Systematic Video Game Training in Surgical Novices Improves Performance in Virtual Reality Endoscopic Surgical Simulators: A Prospective Randomized Study
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Previous studies have shown a correlation between previous video game experience and performance in minimally invasive surgical simulators. The hypothesis is that systematic video game training with high visual-spatial demands and visual similarity to endoscopy would show a transfer effect on performance in virtual reality endoscopic surgical simulation.
A prospective randomized study was performed. Thirty surgical novices were matched and randomized to five weeks of systematic video game training in either a first-person shooter game (Half Life) with high visual-spatial demands and visual similarities to endoscopy or a video game with mainly cognitive demands (Chessmaster). A matched control group (n = 10) performed no video game training during five weeks. Performance in two virtual reality endoscopic surgical simulators (MIST-VR and GI Mentor II) was measured pre- and post-training. Before simulator training we also controlled for students’ visual-spatial ability, visual working memory, age, and previous video game experience.
The group training with Half Life showed significant improvement in two GI Mentor II variables and the MIST-VR task MD level medium. The group training with Chessmaster only showed an improvement in the MIST-VR task. No effect was observed in the control group. As recently shown in other studies, current and previous video game experience was important for simulator performance.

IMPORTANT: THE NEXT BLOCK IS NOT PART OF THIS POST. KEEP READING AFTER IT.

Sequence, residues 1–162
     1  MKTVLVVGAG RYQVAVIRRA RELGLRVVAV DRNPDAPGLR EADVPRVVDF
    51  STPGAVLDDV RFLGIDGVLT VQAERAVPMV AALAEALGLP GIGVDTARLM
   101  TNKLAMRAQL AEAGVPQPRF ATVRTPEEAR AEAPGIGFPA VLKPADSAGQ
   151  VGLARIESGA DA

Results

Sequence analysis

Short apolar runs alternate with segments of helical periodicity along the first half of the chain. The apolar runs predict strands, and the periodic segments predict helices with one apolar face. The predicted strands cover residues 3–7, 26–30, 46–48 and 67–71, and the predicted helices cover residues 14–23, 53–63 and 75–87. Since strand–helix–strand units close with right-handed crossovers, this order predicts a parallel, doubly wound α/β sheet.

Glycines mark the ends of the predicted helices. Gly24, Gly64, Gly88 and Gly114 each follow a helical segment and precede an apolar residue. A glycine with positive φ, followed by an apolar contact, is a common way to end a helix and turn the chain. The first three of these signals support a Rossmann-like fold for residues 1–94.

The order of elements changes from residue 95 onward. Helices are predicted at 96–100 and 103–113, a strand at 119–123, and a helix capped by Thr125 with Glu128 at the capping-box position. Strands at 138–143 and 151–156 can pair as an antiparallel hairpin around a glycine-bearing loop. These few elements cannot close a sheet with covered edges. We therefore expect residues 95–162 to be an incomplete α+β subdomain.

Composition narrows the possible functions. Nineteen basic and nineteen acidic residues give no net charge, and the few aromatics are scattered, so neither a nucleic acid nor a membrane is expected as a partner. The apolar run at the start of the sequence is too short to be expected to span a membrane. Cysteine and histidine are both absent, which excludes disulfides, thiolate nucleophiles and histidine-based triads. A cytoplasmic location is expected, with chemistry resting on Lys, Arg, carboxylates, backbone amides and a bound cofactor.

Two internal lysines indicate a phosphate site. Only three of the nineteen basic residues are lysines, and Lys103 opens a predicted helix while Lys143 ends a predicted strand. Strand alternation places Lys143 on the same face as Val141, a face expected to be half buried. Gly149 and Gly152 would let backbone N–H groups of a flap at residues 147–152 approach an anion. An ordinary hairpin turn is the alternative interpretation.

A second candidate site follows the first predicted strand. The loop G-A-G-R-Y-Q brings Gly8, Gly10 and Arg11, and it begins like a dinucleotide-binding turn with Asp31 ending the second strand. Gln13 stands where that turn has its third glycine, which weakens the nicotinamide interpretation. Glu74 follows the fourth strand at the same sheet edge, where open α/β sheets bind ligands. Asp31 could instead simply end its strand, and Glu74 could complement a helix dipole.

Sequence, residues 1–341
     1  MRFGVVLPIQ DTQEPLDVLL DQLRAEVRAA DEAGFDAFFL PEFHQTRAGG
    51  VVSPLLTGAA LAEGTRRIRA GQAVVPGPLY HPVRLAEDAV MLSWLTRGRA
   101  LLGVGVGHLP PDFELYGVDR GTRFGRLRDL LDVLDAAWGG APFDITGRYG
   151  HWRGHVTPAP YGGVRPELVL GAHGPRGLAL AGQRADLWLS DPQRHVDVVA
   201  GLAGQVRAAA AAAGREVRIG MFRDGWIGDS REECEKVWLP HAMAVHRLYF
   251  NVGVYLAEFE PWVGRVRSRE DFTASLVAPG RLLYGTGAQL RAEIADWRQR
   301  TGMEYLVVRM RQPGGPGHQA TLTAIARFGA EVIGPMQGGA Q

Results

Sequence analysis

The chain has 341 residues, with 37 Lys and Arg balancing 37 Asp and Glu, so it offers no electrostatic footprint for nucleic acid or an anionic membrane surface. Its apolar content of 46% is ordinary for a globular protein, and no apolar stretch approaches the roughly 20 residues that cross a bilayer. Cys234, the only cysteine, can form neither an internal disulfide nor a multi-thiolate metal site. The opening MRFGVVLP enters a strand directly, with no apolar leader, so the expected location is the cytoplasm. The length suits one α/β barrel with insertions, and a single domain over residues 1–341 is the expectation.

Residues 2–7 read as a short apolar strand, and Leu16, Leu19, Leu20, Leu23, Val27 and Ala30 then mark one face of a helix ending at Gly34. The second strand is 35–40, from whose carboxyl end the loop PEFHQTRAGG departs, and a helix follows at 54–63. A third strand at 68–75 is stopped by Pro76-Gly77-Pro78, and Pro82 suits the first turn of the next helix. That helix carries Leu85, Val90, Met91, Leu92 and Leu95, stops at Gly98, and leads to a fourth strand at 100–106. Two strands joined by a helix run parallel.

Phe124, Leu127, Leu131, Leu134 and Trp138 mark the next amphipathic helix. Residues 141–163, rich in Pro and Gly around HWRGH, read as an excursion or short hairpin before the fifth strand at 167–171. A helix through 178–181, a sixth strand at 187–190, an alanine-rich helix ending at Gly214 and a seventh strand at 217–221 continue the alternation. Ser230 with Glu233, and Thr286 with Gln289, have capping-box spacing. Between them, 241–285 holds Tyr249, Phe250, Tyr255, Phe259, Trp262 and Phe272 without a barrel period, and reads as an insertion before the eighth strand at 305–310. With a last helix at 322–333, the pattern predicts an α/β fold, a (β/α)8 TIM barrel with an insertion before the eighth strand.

Systematic video game training improved surgical performance in advanced virtual reality endoscopic simulators. The transfer effect increased when increasing visual similarity. The performance in intense, visual-spatially challenging video games might be a predictive factor for the outcome in surgical simulation.
- Systematic Video Game Training in Surgical Novices Improves Performance in Virtual Reality Endoscopic Surgical Simulators: A Prospective Randomized Study
World Journal of Surgery
Volume 33, Issue 11 , pp 2360-2367
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- 1. Department of Clinical Science Intervention and Technology (CLINTEC), Karolinska Institutet, 141 86, Stockholm, Sweden
- 2. Center for Advanced Medical Simulation, Karolinska University Hospital, 141 86, Stockholm, Sweden
- 3. Department of Psychology, Umeå University, 901 87, Umeå, Sweden